The British pound fell to all-time low against the US dollar early on Monday after Treasury chief Kwasi Kwarteng pledged a sweeping package of tax cuts, fuelling concerns about the government's economic policy as the United Kingdom teeters toward recession.
The pound fell as low as $US1.0373 ($1.60), its lowest level since the decimalisation of the currency in 1971, before rallying to above $US1.07 ($1.64) in London morning trading.
The weakening currency piles pressure on the UK's new Conservative government, which has gambled that slashing taxes — and increasing borrowing to compensate — will spur economic growth.
Many economists say it's more likely to fuel already high inflation, push down the pound and drive up the cost of UK government borrowing — a potential perfect storm of economic headwinds.
The British currency has lost more than five per cent of its value against the dollar since Friday, when Kwarteng announced the UK's biggest tax cuts in 50 years.
The government plans to cut £45 billion ($75 billion) in taxes as well as spend billions to help consumers and businesses struggling with high energy bills that are driving a cost-of-living crisis.
The combination sparked investor concern about spiraling government debt.
Kwarteng and Prime Minister Liz Truss, who took office three weeks ago, are betting that lower taxes and reduced bureaucracy eventually will generate enough additional tax revenue to cover government spending.
Economists suggest it is unlikely the gamble will pay off.
Opposition Labour Party economy spokeswoman Rachel Reeves said Kwarteng had "fanned the flames" of instability by talking up more tax cuts.
"They're not gambling with their own money, they're gambling with all our money, and it's reckless and it's irresponsible as well as being grossly unfair," she told Times Radio.
The new and untested Truss, who replaced Boris Johnson as prime minister on September 6, also faces pressure from a nervous Conservative Party, which faces an election within two years.
Some Conservatives have welcomed the tax-cutting moves as a return to free-market values after years of state intervention in the economy during the coronavirus pandemic.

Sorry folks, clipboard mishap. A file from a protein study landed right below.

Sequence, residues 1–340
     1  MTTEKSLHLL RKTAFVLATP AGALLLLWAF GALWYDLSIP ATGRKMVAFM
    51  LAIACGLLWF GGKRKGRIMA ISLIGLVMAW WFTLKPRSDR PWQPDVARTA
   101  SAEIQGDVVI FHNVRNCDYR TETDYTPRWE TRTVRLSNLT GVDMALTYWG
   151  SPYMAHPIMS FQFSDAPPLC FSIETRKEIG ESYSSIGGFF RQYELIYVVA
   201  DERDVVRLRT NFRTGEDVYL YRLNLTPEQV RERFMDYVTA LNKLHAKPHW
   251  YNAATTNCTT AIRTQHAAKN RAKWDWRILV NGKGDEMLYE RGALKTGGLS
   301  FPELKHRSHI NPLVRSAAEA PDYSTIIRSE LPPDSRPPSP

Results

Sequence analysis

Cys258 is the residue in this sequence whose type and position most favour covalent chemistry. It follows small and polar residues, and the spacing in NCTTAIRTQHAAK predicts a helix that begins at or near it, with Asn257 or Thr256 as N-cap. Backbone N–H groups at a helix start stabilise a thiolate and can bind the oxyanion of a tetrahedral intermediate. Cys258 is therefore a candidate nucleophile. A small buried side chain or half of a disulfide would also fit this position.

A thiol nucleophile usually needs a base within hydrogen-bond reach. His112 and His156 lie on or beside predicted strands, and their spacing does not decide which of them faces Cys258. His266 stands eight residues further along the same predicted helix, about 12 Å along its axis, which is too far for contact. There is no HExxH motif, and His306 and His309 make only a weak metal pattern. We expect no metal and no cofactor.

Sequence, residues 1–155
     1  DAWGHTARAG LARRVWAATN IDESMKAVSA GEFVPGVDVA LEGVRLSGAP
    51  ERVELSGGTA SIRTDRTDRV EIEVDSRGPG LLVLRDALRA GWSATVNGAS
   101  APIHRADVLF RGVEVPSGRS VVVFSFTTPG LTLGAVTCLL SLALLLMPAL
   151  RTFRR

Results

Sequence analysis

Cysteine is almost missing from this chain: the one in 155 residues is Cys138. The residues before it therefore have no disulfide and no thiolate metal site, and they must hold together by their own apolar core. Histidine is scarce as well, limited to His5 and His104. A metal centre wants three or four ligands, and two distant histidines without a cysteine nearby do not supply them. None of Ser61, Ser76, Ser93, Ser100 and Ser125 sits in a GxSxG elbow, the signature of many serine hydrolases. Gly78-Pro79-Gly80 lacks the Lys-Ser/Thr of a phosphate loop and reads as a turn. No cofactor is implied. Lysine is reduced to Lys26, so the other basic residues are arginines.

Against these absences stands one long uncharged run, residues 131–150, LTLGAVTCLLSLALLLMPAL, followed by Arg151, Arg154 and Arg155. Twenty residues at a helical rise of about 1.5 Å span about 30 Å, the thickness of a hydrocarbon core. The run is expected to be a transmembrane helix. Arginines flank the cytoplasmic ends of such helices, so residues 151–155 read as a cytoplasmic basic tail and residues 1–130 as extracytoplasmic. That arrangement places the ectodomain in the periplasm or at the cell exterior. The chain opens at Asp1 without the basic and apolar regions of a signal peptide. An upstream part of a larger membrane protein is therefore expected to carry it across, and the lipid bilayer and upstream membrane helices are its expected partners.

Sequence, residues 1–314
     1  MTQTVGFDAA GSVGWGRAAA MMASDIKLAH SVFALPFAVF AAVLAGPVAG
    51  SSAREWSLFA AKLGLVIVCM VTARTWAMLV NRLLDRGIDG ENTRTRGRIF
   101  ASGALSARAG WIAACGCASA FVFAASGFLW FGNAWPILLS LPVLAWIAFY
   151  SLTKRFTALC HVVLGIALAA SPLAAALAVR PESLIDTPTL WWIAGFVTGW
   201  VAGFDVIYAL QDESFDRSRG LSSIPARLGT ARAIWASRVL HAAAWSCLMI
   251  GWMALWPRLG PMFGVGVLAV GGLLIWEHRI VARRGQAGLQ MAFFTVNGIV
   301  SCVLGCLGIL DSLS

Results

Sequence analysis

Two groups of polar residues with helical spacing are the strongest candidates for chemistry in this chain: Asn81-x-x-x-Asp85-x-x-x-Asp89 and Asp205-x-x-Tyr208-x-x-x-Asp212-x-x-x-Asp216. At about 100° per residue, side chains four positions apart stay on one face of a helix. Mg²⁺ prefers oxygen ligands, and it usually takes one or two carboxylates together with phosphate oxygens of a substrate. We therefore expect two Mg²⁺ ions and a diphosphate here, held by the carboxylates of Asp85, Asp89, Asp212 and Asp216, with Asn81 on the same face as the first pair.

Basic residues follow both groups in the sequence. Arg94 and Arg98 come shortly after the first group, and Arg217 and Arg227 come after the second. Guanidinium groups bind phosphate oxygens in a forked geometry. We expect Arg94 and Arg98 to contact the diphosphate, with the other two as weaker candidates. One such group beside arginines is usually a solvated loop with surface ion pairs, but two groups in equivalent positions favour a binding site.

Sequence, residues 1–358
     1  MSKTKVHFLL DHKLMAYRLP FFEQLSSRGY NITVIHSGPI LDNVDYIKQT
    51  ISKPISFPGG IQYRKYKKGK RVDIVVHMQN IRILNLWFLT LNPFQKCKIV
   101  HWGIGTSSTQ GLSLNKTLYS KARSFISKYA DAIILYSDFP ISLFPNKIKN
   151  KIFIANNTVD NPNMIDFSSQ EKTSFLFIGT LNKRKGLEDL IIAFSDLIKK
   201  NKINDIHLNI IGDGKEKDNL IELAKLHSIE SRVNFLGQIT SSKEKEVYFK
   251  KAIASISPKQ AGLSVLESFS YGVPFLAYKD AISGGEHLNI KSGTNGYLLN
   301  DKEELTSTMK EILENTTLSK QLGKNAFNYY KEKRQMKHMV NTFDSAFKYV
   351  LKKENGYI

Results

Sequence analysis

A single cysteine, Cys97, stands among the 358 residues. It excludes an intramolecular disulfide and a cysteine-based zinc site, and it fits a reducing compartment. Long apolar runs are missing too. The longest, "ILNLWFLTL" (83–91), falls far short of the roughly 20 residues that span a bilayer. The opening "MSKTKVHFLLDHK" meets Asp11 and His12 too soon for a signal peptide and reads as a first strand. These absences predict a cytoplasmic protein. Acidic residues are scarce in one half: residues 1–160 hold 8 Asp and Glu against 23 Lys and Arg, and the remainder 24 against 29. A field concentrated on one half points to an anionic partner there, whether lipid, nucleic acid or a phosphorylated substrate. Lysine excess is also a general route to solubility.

But others worry it is unconservative for the government to rack up huge debts that taxpayers will eventually have to pay.
Kwarteng insisted the government was acting responsibly — and said there were more tax cuts to come.
"We've only been here 19 days. I want to see, over the next year, people retain more of their income because I believe that it is the British people that are going to drive this economy," he told the BBC.
As it is cutting taxes, the government plans to cap electricity and natural gas prices for homes and businesses to help cushion price rises that have been triggered by Russia's war in Ukraine and have sent inflation to a near 40-year high of 9.9 per cent.
This program will cost £60 billion ($100 billion), and the government will borrow to finance it, Kwarteng said on Friday.
He said on Sunday that it was the right policy because the government needed to help consumers squeezed by the unprecedented pressures caused by the war in Ukraine and the pandemic.
Britain can afford the cost because its debt as a percentage of gross domestic product is the second lowest among the Group of Seven large industrial economies, Kwarteng said.
In the coming months, the government will announce plans for reducing the nation's debt, he said.
"Obviously, I will be setting out plans for the medium-term fiscal plan, as we're calling it, that will show that we're committed to net debt-to-GDP to be falling over time," Kwarteng said.
Sterling is not the only currency showing weakness.
The euro also hit a fresh 20-year low against the dollar as the war in Ukraine drives fears about recession and energy security ahead of the winter.
While the pound's slide has accelerated in recent days, the currency has fallen steadily against the dollar for more than a year as investors sought the security of US assets amid the global economic shocks.
The pound's decline against the dollar also has been fuelled by the Bank of England not keeping pace with the US Federal Reserve's efforts to rein in inflation.
Britain's central bank on Thursday raised interest rates by half a percentage point, compared with large three-quarter-point increase by the Fed last week.
But UK inflation is the highest among major economies, and the bank predicted that Britain could already be in recession, which it defines as two consecutive quarters of economic contraction.
The bank's rate-setting Monetary Policy Committee is not due to meet again until November 3, but many economists say it may have to hike rates sooner if the pound's slide continues.
Susannah Streeter, senior investment and markets analyst at financial services firm Hargreaves Lansdown, said it was difficult to know how low the pound could fall.
"It depends, I think, now on what the Bank of England does in response to sterling's most recent fall," she said.
"There's been this dramatic loss of confidence in the government's economic management. But now the ball is in the Bank of England's court."